Microsoft Surface is the name given to a new line of tablets designed to compete directly with the Apple iPad in the premium end of the market, and it marks the first time that Microsoft have come to market with their own-branded hardware in this segment.
The name might seem familiar, because "Microsoft Surface" was the name that Microsoft gave to an earlier touchscreen product that used a 30" or 40" tabletop screen. This product has now been renamed Microsoft PixelSense, but this re-use of names might cause some confusion.
There are two main variants of the Surface devices. The smallest and lightest device runs the new ARM-based Windows RT operating system, then there is a bigger and heavier Intel-based version running Windows 8 Pro. Both devices are clad in magnesium and come with a range of magnetically attached covers and accessories, including an integrated kickstand on the back.
The Windows RT device is much closer to a traditional tablet, weighing just 676 grams and measuring just 9.3mm in thickness. It sports a 10.6" ClearType HD display and ships with either 32GB or 64GB of internal flash storage. The RT Surface has a microSD slot, USB 2.0 connectivity, a micro HD video output port and an advanced WiFi antenna. This version comes with a special home and student version of Microsoft Office 2013 RT, plus a protective "Touch Cover" and a thicker "Type Cover" which is a 5mm thick keyboard.
Microsoft Surface The Windows 8 Pro version of the Surface is broadly similar, again with a 10.6" display but this time upgraded to full HD (so presumably 1080p), coming in 64GB and 128GB configurations and with a different port arrangement of USB 3.0, and a Mini DisplayPort video connector instead. MicroSDXC cards are supported, and the Surface for Windows 8 Pro has a Touch Cover, Type Cover and a pen for finer control of elements on the screen. At 903 grams and 13.5mm thick, the Windows 8 Pro Surface is not as slim and light as the RT version, but it is still impressively lightweight nonetheless.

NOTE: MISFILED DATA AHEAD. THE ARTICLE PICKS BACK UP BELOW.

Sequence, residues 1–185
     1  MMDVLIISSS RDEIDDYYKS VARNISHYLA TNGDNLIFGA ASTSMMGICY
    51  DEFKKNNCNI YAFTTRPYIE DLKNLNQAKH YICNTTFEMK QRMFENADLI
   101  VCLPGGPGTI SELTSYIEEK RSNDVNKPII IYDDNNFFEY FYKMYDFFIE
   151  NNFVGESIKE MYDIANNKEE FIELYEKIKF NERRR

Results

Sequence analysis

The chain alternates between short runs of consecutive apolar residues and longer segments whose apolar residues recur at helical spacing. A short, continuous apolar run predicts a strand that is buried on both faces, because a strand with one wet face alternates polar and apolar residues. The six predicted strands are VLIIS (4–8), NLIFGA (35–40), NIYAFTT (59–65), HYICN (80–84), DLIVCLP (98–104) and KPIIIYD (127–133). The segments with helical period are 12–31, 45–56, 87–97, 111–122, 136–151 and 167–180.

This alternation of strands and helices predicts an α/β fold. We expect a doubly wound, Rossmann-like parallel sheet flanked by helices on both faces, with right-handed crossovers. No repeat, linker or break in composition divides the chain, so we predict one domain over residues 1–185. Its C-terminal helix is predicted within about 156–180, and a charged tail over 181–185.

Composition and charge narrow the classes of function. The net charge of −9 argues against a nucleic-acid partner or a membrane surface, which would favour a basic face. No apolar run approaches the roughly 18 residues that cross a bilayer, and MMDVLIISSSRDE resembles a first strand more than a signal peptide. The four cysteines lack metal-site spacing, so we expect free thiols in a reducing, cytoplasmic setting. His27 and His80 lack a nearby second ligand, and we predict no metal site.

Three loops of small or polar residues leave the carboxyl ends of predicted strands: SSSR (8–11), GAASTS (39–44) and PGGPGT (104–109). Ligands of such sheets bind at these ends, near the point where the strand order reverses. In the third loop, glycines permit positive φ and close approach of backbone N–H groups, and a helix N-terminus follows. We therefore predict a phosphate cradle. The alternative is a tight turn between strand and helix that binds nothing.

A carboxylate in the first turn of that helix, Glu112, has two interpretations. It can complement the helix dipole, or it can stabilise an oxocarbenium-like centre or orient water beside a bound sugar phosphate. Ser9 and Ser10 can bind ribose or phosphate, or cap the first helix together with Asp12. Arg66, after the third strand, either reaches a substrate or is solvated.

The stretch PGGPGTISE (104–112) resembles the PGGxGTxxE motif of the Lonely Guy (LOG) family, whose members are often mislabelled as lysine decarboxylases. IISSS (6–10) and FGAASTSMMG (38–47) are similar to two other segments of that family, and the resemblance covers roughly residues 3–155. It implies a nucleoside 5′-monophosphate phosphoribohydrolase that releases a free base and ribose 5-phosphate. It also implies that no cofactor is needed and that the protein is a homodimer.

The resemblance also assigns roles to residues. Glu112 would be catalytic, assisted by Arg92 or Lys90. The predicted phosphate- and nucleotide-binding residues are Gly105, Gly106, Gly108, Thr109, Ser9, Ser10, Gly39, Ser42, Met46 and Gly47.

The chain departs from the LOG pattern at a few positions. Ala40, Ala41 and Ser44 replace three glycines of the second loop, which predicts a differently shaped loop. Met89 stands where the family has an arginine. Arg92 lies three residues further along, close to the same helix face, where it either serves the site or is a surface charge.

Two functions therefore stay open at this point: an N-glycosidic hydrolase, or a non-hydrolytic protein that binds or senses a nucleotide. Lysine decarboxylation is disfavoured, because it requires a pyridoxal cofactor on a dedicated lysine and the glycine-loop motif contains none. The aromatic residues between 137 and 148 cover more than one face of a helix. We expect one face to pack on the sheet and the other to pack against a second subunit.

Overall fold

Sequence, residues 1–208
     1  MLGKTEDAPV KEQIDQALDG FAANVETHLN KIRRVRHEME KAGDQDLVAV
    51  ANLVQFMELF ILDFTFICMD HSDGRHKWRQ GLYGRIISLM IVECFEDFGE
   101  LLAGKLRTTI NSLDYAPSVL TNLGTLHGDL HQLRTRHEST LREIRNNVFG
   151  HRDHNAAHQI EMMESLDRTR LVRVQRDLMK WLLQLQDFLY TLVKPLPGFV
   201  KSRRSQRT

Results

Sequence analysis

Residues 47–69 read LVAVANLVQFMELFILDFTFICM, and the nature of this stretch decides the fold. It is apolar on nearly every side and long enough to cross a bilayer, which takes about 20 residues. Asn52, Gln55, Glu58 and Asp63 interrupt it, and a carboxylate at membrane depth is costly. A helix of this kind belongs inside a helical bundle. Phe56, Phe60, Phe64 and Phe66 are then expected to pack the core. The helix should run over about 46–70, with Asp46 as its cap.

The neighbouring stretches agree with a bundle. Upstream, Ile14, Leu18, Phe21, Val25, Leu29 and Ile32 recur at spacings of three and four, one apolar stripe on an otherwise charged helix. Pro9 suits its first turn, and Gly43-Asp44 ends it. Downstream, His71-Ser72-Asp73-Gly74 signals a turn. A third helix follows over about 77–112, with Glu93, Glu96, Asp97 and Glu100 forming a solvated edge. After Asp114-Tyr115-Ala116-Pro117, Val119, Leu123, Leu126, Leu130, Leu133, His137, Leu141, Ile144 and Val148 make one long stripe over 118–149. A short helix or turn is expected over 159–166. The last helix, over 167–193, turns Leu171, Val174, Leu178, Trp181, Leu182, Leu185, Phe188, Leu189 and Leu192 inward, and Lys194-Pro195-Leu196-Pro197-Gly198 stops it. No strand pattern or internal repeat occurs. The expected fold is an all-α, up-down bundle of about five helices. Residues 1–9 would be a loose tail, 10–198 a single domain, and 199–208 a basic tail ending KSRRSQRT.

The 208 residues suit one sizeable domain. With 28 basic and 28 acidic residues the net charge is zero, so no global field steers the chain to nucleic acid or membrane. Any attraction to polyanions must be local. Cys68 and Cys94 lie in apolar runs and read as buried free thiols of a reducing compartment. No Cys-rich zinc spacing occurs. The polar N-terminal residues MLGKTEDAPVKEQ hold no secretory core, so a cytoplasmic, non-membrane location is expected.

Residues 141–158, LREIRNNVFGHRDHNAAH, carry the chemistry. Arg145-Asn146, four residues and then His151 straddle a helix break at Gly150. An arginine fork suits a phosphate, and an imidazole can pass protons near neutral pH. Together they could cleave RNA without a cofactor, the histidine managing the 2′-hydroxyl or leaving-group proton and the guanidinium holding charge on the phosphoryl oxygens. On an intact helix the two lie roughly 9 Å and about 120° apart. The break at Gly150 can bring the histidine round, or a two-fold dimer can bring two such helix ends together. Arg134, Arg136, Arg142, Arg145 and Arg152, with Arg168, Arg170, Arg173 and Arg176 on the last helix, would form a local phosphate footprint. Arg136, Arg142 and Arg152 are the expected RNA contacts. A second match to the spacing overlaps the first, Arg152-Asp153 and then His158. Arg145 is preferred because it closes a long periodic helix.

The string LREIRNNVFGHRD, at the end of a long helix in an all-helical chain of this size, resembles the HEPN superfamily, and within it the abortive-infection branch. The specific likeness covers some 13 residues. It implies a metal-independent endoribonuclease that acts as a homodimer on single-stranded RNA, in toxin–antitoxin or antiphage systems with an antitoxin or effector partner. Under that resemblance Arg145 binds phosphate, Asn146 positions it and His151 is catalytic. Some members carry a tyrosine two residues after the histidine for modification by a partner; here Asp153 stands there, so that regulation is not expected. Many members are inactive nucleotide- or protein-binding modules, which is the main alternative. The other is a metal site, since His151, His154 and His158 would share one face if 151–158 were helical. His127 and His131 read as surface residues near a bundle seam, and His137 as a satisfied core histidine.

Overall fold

Windows 8 and Windows RT will both use the "Metro" interface that was first seen in Windows Phone 7, however Windows 8 Pro users should have the option of a more traditional desktop if they want. RT users are restricted to the Metro interface, and this is very much a tablet operating system rather than the full-featured Windows 8 Pro.
Microsoft have said that partners will get cost and feature parity with their own line of devices, so Microsoft is presumably paying itself licence fees for the software. Apart from a few hiccups with the Xbox line, Microsoft have a good reputation when it comes hardware quality over the years. Also, this move into computer manufacturing might stoke rumours of a takeover of Nokia's hardware business.
Microsoft Surface Pricing is not known at present, although the RT based Surface will have to be competitive with the iPad 3 when it hits retailers. The Surface for Windows RT devices should be available when Windows 8 launches, with the Windows 8 Pro version following 90 days later.
Corporate customers may well be interested in Surface as it should be easier to manage Windows-based devices in their environment. But for all customers the Metro interface is a "love it or hate it" affair, which looks refreshingly different from Apple and Android products, but it is also very different from the traditional Windows environment. However, more choice is always good and Windows 8 and Windows RT will certainly be a welcome addition to the market.
WiFi (3G connectivity unknown)
10.6" 720p / 1080p
Tablet / Slim notebook
9.3mm or 13.5 mm thick
Windows RT or Windows 8 Pro